In response to the US military build-up and threats in Asia, Xi foreshadowed a further acceleration of the arms race, setting specific targets to culminate in a “world class” Chinese military by 2050. “A military is prepared for war. All military works must adhere to the standards of being able to fight a war and win a war,” Xi bluntly declared.

Xi’s speech reeked of the stench of nationalism from start to finish. “The Chinese nation is a great nation; it has been through hardships and adversity but remains indomitable. The Chinese people are a great people; they are industrious and brave and they never pause in pursuit of progress,” he said.

Like Trump in the United States, Xi whips up patriotism not only to aggressively promote the interests of the Chinese ruling class, but also to subordinate the multi-millioned working class to those same interests. Xi is acutely aware of the social tensions that have been produced by capitalist restoration and the deep gulf between a tiny layer of the ultra-wealthy and the vast majority of the population. The social divide will only further widen, leading to rising social unrest, as the drive to war accelerates, which is why Xi also calls for a strengthening of the repressive state apparatus.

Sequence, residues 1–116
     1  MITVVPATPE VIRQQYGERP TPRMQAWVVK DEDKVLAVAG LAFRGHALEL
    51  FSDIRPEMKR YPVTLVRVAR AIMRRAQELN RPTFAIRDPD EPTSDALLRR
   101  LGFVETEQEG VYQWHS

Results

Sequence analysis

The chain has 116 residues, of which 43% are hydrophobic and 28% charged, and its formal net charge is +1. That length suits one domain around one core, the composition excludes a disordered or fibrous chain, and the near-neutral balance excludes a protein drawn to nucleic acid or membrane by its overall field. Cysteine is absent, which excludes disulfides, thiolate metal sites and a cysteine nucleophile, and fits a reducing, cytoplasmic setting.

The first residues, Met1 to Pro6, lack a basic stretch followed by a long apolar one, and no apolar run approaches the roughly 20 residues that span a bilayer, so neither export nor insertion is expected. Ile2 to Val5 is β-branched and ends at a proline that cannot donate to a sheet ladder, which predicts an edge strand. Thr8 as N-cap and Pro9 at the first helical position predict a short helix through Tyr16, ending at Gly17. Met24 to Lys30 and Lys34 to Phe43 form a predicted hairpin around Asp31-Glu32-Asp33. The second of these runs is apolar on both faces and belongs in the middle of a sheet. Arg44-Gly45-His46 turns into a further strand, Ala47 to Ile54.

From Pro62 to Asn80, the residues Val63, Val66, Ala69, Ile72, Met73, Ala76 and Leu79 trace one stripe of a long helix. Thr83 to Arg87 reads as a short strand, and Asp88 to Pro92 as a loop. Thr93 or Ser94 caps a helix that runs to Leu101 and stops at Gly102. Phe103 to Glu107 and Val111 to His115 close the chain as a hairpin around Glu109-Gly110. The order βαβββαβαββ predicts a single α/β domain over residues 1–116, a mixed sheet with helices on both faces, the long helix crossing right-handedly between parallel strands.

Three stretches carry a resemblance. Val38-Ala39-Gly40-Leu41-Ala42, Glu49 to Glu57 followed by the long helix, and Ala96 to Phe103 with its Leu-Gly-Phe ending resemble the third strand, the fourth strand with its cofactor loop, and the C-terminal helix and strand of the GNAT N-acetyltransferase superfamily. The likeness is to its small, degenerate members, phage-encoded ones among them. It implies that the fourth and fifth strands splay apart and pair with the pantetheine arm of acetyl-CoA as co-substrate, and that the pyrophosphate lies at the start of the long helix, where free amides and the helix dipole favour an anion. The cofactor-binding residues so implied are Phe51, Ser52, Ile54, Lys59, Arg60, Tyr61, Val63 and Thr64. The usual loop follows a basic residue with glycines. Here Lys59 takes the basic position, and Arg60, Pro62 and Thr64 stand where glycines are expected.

Without the intervention of the working class, conflict is inevitable, whether over North Korea, the South China Sea or the myriad other flashpoints in Asia and internationally. US imperialism regards China as the chief challenge to its world hegemony, and Chinese capitalism strains against the restrictions of the current world order established and dominated by Washington.

Workers and youth in China and the United States, throughout Asia and the world, have no interest in being used as cannon fodder in a war to defend the interests of the ultra-rich. It is only by uniting in an international movement based on genuine socialism—that is, the reconstruction of society to meet the pressing needs of the majority, not the massive profits of the few—that the drive to war can be halted. That is the perspective fought for by the International Committee of the Fourth International and its sections around the world.